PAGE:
Looking around TD Garden, one thing strikes you about the crowd that is assembled on this particular Saturday night. It’s not the normal crowd for an arena that’s home to both Boston’s professional hockey and basketball teams.
Instead, the crowd is mostly female and extremely racially diverse. Their reason for being here is completely different: to see Michelle Obama’s new memoir Becoming, come to life.
Along with her book release, Obama also announced a tour to go along with it, where fans can gather to hear her stories in her own words. Boston is the fourth stop on her tour that started in her hometown of Chicago.
Boston holds a significant part in the Obama family storyline, where the discussion of Barack Obama running for president. Here in this exact spot, Barack gave his famous 2004 Democratic National Convention keynote speech which spiraled a discussion of Obama running for president.
Michelle, grounded as ever, didn’t think anything of the speech. Even afterward when all the chatter started, she didn’t think anything of it and was skeptical about Barack running for the presidency.
Everyone knows how that story turned out, but not everyone knows Michelle’s story.
In her memoir, Michelle talks about growing up on the Southside of Chicago, Illinois in extremely tight quarters with her brother and parents. It follows her through her schooling, with her being stubborn at a very young age.
In kindergarten, Michelle’s class had to read colors spelled out on index cards that their teacher held up. On the first try, Michelle got every word except for the last: white. Two of her classmates got all of them with their reward being a gold sticker. The next day, Michelle wanted to prove herself.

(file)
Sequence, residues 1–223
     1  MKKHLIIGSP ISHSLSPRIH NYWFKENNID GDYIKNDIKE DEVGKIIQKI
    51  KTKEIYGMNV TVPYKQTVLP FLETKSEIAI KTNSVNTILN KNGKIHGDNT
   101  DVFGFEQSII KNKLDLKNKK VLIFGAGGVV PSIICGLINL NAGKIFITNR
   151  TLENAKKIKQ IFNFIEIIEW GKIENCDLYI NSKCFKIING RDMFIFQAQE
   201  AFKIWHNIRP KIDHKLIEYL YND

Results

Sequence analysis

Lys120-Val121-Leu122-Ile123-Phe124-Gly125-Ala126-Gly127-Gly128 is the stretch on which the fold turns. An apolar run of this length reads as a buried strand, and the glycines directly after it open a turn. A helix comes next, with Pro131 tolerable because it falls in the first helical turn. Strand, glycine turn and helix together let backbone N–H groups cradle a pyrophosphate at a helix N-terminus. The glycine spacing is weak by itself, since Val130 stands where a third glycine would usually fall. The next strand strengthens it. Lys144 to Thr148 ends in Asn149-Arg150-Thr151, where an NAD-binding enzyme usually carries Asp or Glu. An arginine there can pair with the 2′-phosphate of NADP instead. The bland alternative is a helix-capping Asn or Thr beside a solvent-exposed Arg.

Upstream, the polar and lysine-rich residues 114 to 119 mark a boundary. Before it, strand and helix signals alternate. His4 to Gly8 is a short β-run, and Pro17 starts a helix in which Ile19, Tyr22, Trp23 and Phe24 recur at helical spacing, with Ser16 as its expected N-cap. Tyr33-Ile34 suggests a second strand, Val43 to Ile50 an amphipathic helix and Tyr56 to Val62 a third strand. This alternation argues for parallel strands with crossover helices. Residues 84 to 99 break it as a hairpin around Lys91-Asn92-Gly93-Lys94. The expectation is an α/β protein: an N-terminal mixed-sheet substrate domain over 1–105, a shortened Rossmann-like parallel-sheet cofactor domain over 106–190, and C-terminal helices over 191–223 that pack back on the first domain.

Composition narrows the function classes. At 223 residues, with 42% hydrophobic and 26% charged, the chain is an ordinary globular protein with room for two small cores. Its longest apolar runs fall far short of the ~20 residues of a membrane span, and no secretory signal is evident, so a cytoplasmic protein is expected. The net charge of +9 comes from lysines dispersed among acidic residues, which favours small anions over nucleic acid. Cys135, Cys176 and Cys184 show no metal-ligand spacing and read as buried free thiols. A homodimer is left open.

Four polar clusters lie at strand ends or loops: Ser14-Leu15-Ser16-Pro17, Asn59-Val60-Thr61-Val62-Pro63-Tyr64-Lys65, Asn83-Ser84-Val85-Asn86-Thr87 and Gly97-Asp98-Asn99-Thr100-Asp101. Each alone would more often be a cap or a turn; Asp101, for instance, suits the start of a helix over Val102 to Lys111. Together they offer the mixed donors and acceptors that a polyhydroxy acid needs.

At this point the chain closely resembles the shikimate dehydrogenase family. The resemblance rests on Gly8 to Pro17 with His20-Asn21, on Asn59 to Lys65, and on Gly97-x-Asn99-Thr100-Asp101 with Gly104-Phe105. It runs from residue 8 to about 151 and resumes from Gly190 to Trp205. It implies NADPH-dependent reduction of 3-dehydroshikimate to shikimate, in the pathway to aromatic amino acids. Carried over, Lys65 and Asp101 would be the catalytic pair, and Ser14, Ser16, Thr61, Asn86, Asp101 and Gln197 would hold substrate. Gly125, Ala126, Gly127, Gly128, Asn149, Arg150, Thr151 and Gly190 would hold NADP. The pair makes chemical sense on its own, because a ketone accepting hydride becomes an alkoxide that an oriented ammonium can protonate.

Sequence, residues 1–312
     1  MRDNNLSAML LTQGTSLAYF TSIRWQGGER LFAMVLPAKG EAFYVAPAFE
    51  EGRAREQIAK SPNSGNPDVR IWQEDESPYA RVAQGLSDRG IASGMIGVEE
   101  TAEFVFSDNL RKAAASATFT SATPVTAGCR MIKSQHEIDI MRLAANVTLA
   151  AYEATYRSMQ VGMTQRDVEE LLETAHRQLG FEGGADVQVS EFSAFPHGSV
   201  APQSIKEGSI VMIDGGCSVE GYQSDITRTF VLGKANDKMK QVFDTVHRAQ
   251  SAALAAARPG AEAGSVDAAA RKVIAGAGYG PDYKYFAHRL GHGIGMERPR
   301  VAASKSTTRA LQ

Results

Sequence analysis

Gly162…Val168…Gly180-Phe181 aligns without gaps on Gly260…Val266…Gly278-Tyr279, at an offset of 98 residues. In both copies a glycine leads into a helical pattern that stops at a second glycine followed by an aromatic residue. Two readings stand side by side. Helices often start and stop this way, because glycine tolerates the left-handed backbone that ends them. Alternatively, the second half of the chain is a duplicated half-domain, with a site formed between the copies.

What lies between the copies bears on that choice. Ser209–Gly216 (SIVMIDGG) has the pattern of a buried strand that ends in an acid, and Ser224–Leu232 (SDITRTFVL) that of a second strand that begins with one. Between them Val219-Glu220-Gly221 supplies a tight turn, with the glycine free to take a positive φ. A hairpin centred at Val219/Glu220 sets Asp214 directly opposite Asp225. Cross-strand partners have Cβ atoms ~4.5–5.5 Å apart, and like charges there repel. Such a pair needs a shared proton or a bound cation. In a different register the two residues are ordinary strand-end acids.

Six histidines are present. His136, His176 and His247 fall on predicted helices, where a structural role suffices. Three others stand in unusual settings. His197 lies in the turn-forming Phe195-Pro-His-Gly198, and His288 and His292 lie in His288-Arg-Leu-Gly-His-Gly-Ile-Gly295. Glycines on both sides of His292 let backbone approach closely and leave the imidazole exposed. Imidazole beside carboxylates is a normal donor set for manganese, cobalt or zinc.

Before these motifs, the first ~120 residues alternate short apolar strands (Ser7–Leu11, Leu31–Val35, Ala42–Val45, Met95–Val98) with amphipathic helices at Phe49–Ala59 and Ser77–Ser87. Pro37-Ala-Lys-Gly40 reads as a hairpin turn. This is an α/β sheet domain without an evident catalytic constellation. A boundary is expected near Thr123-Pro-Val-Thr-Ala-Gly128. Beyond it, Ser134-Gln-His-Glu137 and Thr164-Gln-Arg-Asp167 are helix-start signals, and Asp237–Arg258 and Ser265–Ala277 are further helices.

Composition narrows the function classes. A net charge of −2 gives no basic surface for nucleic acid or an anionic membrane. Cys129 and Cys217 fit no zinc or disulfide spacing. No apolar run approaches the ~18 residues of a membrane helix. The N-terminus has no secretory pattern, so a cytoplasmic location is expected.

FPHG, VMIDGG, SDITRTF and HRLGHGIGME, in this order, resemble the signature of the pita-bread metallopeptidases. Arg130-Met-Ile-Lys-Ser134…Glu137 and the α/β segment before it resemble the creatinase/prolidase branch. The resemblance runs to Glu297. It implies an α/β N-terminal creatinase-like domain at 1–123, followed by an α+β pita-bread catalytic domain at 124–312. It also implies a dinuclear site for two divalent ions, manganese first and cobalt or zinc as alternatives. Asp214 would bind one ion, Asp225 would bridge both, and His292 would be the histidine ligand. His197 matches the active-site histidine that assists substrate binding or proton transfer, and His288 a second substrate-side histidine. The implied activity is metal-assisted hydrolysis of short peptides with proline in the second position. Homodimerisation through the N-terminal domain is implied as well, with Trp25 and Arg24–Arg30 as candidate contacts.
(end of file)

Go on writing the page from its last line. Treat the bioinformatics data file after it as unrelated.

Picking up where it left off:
“The next morning in class, I asked for a do-over,” Michelle shares in her book. “I was quick to claim my trophy, though, heading home that afternoon with my head up and one of those gold-foil stars stuck on my shirt.”
That spirit followed Michelle through her college years at Princeton and Harvard University and when she hit the workforce.
That is until a man named Barack Obama came along and changed her perfectly laid out plans.
“He was the king of swerve,” Obama said at TD Garden on Saturday. That swerve led him all over the country, eventually landing in Chicago while Michelle was working at the same law firm that they met at.
The swerving led them all the way to the White House.
One of the hardest days was when the Obamas were leaving the White House before Trump’s inauguration, for different reasons other than the obvious one.
Michelle shared a story of how the night before, Sasha, their youngest daughter insisted on having one last sleepover with her friends in the White House.
At the last minute, Michelle was trying to “push crying girls through the doors”. She was so frantic that she didn’t have the time to reflect on the last eight years in that house.
It didn’t hit her until the helicopter ride over Trump’s inauguration crowd when she let herself go.
“I had been crying for thirty minutes,” she said.
When she saw the crown from the ariel view something else hit her though, this time about the crowd.
“There were people of all ages and all backgrounds, and, the crowd…,” Michelle paused, then whispered the last little bit. “It was bigger.”